It doesn’t take high-end math skills to make the call. Nothing much more than a calendar, actually. The days of the Pittsburgh Penguins claiming that the season is still young are over. Or they should be.
That comes from a highly credible voice. Pittsburgh Hockey Now on Monday pointed out to team captain Sidney Crosby that it was very nearly one-third of the way into the schedule, and asked him – it’s not early anymore, is it?
“No,” Crosby said definitively. “It’s not.
“We’re in December now. It goes by quick, but I wouldn’t say it’s early anymore. That’s over.”
At 10-10-5 riding a two-game losing streak going into a game Tuesday night against the Colorado Avalanche, the Penguins have spent a majority of the season trying to push, pull, tug or will themselves to the level of play associated with a team that has won two Stanley Cups in the past three years.
“We’ve just got to find consistency,” Crosby said. “We’ve got to find ways to not hurt ourselves in games with big mistakes, and if we do make them, we’ve got to find a way to bail each other out of those mistakes – get some big plays or big goals, whatever it is.”
General manager Jim Rutherford has made two trades, and more could be on the horizon if the team doesn’t pull above that flat line that the horizon represents. It should be noted, though, that Monday’s move to acquire Marcus Pettersson from Anaheim for winger Daniel Sprong probably was more about Sprong’s no-man’s-land status than the team’s play.
Defenseman Brian Dumoulin thinks playing the high-flying Avalanche is good timing for the Penguins, despite the fact that in a game last week in Colorado Crosby’s natural hat trick erased a three-goal deficit, only to have the Avalanche pull away for a 6-3 win.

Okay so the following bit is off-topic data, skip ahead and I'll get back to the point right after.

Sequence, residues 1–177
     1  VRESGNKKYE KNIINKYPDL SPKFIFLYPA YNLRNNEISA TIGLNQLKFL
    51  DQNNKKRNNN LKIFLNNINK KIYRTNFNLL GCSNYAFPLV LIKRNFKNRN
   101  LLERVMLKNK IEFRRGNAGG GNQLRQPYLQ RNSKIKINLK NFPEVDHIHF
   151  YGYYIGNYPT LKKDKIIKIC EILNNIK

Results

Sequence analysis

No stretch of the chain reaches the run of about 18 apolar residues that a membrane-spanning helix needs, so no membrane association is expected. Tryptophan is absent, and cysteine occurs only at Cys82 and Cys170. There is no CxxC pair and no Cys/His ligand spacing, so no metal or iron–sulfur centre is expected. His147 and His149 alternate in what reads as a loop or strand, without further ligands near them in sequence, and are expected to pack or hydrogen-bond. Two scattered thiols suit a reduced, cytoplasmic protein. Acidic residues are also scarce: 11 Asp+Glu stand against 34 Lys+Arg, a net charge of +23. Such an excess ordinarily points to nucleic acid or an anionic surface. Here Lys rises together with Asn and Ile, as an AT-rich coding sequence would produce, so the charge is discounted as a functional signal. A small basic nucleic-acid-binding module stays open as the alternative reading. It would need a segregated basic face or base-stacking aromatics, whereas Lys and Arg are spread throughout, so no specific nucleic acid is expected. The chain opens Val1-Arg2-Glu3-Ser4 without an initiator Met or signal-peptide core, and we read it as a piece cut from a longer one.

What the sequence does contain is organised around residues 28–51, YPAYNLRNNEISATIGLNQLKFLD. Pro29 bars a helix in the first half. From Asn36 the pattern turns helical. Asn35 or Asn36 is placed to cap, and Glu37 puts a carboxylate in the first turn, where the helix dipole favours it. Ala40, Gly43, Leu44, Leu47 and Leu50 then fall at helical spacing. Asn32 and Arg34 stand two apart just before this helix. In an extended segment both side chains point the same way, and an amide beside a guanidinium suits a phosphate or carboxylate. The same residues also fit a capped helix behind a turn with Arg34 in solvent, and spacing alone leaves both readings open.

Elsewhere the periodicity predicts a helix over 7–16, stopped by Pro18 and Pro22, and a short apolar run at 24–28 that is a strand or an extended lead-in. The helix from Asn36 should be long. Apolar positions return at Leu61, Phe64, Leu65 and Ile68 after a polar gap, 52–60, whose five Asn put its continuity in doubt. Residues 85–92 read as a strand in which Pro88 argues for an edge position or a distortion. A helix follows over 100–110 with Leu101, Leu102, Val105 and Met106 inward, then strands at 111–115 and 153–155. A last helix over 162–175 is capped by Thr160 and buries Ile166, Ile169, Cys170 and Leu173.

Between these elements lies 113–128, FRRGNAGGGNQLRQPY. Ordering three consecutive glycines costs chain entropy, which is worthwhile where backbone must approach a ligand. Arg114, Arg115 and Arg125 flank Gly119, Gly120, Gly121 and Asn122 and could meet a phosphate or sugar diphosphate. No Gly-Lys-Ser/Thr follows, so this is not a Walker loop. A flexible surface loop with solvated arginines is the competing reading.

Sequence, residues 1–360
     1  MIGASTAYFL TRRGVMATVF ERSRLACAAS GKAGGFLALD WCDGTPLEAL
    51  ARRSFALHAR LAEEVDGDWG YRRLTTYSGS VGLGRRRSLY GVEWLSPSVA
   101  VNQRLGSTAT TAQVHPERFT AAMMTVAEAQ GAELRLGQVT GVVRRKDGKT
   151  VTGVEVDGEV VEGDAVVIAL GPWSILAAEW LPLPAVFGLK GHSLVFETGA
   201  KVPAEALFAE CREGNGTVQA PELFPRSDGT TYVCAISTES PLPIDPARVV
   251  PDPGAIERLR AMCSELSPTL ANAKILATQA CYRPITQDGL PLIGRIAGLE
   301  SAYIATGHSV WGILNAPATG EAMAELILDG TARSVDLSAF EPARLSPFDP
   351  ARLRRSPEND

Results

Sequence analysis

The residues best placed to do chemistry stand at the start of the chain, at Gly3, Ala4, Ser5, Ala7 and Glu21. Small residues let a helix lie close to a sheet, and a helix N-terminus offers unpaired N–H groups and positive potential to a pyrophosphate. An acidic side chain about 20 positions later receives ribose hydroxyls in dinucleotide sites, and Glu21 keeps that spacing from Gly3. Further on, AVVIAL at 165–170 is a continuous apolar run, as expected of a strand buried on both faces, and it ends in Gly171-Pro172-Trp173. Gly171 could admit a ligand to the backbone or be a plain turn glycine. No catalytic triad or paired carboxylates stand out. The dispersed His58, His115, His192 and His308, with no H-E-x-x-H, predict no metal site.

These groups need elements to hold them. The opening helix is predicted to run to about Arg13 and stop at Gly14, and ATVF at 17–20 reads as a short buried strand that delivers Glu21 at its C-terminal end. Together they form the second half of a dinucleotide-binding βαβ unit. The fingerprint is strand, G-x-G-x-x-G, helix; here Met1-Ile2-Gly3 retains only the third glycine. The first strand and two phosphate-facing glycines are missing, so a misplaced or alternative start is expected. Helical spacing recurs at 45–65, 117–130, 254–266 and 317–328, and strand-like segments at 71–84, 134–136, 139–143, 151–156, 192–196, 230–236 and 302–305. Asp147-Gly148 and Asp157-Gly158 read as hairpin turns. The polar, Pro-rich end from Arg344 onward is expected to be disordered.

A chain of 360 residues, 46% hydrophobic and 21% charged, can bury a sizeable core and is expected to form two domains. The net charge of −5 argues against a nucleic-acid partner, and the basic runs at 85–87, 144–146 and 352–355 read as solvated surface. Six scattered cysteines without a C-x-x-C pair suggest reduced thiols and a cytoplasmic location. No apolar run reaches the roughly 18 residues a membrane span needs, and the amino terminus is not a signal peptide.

“I think it helps playing teams like Colorado,” Dumoulin said. “They’re a structured team. For us to beat them, we have to be structured, too. If we do that and we play hard against these guys, then it could lead to follow-up games and us playing well again.”
The biggest challenge, of course, is slowing Colorado’s top line of Gabriel Landeskog, Nathan MacKinnon and Mikko Rantanen. A three-headed monster, in Penguins terms.
Colorado’s top three forwards are also some of the top players in the NHL. They have combined for 36 goals, 118 points. Rantanen leads the league with 45 points, MacKinnon is second with 43 points, and Landeskog is in the top 20 with 30 points.
“They’ve got speed. They’ve got skill. They’re strong,” Pittsburgh defenseman Brian Dumoulin said of the top Avalanche line. “They’re hard on pucks. They’re a dynamic group. If we can shut them down, that goes a long way.”
In the game last week, MacKinnon had a goal and three assists, Landeskog a goal and an assist, and Rantanen two assists.
Penguins coach Mike Sullivan said that line is good enough that he and his staff invest time in coming up with ways to counterpunch, as opposed to simply coming up with a game plan for the Penguins.
“That was something that we talked about (last week),” Sullivan said, but he used also the opportunity to get in a plug for the Penguins.
“We’ve got some pretty good players on our team, too. They’re just not all on the same line.”
No, as of right now the Penguins’ top three forwards – Crosby, Evgeni Malkin and Phil Kessel – are on three separate lines.
Crosby is the only one of the three lately who is producing as a commensurate level. He has six goals, 10 points in six games since returning from an injury.